With the largest population in the world, China has long attracted Christians with a concern for the lost. 169 years ago Hudson Taylor said, “…if I had a thousand lives, China should have them. No! Not China, but Christ.” In that time thousands have spent their lives to see Christ and Him crucified proclaimed in China. Even though the church here has grown, the need remains immense. Untold millions still untold. As doors have opened up in the past 40 years, thousands more have been drawn to minister in the middle kingdom.
However, the history of missions in China is one of open doors that slam shut. The 21st century hasn’t changed that reality, We aren’t exactly welcomed with open arms. Foreigners can be quickly shown the exit. On top of that, there is a risk of inciting additional persecution. How then can a foreigner have an effective witness in this closed country?
How is that question ordinarily answered?
First, English teaching is the by far the most common solution. By taking a position in a school, American christians can have a legal status here and direct access to potential friends who speak our language. The downside is that while teaching English 15+ hours per week, very few foreign Christians learn Chinese well enough to maintain friendships or teach the Bible.
Secondly, most organizations limit the amount of fellowship their members can have with local believers. The thought is that foreign involvement in local churches is dangerous and counterproductive. As Christians, we naturally desire time with other Christians. Since spending that time with local believers in church is avoided, huge chunks of time are swallowed up fellowshipping with other foreigners.
Lastly, fear of persecution infects every action. To avoid “unnecessary” risk, missionaries cautiously pass up great opportunities for ministry. Instead complex layers get added to the simple process of sharing the gospel. Some groups even ban sharing the gospel during periods of perceived danger. The end result is that harvest field is whittled down to a few stalks.
It is no exaggeration to say that the common sense path ends with almost everyone here “entangled in something besides making disciples.”
But why is this the common sense path? This path is only common sense because of stubborn assumptions about ministry in China. These assumptions obscure amazing open doors and urgent gospel needs.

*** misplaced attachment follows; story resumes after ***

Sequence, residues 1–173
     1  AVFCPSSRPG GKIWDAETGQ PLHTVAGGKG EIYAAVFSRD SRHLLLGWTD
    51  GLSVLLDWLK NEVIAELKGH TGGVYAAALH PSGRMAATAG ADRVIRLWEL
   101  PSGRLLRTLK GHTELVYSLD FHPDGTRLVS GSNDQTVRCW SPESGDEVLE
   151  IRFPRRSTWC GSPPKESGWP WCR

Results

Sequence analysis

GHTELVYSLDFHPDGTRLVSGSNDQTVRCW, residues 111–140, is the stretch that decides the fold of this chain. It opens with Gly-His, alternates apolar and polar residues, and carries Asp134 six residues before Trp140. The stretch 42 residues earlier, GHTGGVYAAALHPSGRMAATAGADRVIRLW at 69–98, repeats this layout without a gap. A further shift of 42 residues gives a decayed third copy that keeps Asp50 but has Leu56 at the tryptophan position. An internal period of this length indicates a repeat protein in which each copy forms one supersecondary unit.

1: English teaching is the only way live and minister in China.
2: Security restrictions make it impossible for foreigners to preach the gospel in China.
3: Learning Chinese well enough to teach the Bible is poor use of time and energy.
4: Attending a Chinese church is harmful. Its better to pass on contacts.
5: Modeling righteousness and teaching Christian culture is evangelism.
6: Conforming to government restrictions will decrease risk and open doors.
7: Persecution is proof that something has gone wrong.
Two things require clarification before I go on.
- It’d be hard to find any one missionary who perfectly fits this stereotype, but each of these ideas do greatly influence ministry strategy in China. We’ve written about each of these misconceptions in greater detail in other places and we invite you to engage with us there.
- Every Christian who has left their home to invest their energy for the glory of God in China is our friend and partner. We’ve been helped, inspired, and challenged by friends that who hold to the ideas outlined above. Our disagreement is not accompanied by any disrespect.
As a team, Project China is offering a humble proposal. There is another way. The impossible path is possible. Each of us has come (or is on their way) to China outside of the common sense path. None of us have taught English for a visa. We go to church with local believers, and share the gospel openly.
Our conviction, and what we are asking you to consider, is that it is possible to play a vital role in missions in China. Come and spend your time teaching the Bible in Chinese in a local church. Plant a church. Train, mentor, develop the next generation of leaders. Make your aim to significantly decrease the number of those who haven’t heard of God’s saving grace. If you are looking for a place to start, check out our current internship opportunities.